Understanding Long-Term Neurological Trajectories in Severe COVID-19 Cases: Jennifer Frontera, MD

The professor of neurology at NYU Langone Grossman School of Medicine discussed her talk at AAN 2022 on neurological sequelae and follow-up in hospitalized and nonhospitalized patients with COVID-19. [WATCH TIME: 8 minutes]

WATCH TIME: 8 minutes

"What’s interesting is that 20% of people said they have some cognitive problem, but 50% tested abnormal. There’s some anosognosia. There are certain people that are like, ‘I’m fine!’ and they’re not fine. That’s a really interesting group of people."

It has been frequently reported that COVID-19 infection may result in post-acute neurological sequelae, mainly in forms of fatigue, headaches, and memory impairment; however, little is known about trajectory of recovery 12-months after hospitalization for severe COVID-19. To better understand this, a group of investigators conducted a prospective, longitudinal cohort study of patients with and without neurological complications during index hospitalization from March 2020 to May 2020.

Of the 242 included patients, 47% (n = 113) had neurological complications during index hospitalization and 53% (n = 129) had no neurological complications during hospitalization. At 12 months, 87% (197 of 227) of patients who completed all follow-up batteries had at least 1 abnormal metric. More specifically, 75% (176 of 235) had a modified Rankin Scale (mRS) score greater than 0, 64% (150 of 236) had a Barthel Index of Activities of Daily Living less than 100, and 50% (80 of 161) of patients without a prior history of dementia/cognitive abnormalities had an abnormal telephone Montreal Cognitive Assessment (t-MoCA) score. Excluding patients with pre-COVID-19 mRS scores greater than 0, 82% (107 of 130) of patients had at least 1 abnormal metric at 12 months.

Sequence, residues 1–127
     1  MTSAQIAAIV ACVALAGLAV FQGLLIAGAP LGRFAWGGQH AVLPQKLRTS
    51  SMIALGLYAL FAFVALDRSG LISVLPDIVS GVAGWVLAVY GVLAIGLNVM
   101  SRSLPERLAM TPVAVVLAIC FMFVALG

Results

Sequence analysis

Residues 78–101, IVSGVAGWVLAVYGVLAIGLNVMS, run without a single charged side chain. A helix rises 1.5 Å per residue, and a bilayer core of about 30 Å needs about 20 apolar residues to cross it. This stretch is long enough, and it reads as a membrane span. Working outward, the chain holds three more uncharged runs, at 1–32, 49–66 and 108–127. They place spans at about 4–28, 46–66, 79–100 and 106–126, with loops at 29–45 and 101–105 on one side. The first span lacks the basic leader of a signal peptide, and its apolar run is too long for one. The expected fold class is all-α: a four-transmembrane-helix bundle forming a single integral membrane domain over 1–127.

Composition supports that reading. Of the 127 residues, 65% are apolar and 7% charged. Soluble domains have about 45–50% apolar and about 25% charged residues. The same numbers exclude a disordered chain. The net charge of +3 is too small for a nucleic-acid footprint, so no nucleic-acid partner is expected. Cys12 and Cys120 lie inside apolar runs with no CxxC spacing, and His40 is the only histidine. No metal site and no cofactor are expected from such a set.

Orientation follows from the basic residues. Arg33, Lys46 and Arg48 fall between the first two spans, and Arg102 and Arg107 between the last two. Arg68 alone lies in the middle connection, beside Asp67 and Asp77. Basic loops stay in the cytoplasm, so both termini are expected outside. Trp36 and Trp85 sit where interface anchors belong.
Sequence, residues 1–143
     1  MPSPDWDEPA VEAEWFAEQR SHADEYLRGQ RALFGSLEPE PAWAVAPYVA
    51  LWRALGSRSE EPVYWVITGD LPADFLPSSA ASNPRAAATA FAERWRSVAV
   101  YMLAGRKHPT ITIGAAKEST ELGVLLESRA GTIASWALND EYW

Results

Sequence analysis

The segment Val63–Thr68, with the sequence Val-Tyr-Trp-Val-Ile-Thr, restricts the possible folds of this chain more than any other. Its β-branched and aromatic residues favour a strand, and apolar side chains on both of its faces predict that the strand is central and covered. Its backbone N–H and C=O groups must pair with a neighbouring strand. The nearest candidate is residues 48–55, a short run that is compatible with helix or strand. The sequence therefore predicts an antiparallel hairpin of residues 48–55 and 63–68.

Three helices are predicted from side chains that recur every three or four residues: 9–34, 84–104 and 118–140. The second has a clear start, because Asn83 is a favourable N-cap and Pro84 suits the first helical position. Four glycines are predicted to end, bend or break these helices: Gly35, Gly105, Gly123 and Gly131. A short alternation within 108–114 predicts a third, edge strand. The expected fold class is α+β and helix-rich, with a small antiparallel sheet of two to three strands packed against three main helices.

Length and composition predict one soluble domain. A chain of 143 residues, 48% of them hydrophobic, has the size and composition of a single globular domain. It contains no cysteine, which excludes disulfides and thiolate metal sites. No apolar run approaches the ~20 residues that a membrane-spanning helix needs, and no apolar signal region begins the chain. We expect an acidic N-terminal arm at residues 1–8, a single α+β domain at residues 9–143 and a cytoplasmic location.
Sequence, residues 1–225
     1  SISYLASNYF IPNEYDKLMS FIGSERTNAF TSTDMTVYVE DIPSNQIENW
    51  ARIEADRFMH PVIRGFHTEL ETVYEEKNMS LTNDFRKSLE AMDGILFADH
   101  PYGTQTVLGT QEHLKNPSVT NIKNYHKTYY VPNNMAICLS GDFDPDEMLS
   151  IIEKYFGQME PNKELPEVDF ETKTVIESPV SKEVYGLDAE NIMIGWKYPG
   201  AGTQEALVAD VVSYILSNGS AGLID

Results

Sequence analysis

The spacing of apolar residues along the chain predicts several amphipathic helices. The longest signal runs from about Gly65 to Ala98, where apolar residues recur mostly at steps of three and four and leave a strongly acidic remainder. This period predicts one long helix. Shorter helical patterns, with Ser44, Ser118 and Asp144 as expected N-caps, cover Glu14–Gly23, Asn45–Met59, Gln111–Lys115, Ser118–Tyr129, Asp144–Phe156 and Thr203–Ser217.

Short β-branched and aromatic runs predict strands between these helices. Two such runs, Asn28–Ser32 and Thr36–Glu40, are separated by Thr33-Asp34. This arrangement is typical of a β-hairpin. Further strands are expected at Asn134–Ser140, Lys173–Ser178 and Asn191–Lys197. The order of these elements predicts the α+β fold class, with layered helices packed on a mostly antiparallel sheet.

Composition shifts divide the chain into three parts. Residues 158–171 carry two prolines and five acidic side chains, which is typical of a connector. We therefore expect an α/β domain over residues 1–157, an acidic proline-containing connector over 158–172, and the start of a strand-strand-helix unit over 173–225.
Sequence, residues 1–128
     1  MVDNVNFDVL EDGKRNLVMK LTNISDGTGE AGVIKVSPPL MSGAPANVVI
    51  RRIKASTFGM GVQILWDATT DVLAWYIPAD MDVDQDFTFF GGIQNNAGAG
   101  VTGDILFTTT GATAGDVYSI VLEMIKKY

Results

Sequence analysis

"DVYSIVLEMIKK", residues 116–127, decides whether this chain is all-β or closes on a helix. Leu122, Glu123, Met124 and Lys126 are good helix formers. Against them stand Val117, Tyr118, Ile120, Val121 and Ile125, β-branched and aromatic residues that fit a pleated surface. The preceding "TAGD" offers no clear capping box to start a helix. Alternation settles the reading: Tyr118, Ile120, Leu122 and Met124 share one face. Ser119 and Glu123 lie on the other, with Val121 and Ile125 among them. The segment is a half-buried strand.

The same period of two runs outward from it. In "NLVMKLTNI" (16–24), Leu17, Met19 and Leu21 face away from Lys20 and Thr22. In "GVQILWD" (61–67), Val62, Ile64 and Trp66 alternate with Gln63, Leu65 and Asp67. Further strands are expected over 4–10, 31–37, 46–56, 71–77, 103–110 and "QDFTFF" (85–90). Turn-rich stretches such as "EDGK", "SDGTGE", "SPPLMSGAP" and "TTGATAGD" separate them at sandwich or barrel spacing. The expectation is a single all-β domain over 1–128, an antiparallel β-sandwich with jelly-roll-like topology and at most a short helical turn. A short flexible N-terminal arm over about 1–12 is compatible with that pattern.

Lead investigator Jennifer Frontera, MD, professor of neurology at NYU Langone’s Grossman School of Medicine, gave a talk at the 2022 American Academy of Neurology (AAN) Annual Meeting, April 2-7, in Seattle, Washington discussing her experience with hospitalized and nonhospitalized patients with COVID-19 and the neurological sequelae seen at follow-up. As someone who has worked in the ICU since the inception of the pandemic, Frontera has been able to see a majority of these changes firsthand.

NeurologyLive® caught up with Frontera at AAN 2022 to discuss her presentation, along with her thoughts on the general state of post-acute sequelae-related research. She stressed the need to capture detailed data on patients with infections, their neurological abnormalities, and any additional complications they may be experiencing.

Click here for more coverage of AAN 2022.

REFERENCES
1. Frontera JA, Yang D, Medicherla C, et al. Trajectories of neurologic recovery 12 months after hospitalization for COVID-19: a prospective longitudinal study. Neurology. Published online March 21, 2022. doi:10.1212/WNL.0000000000200356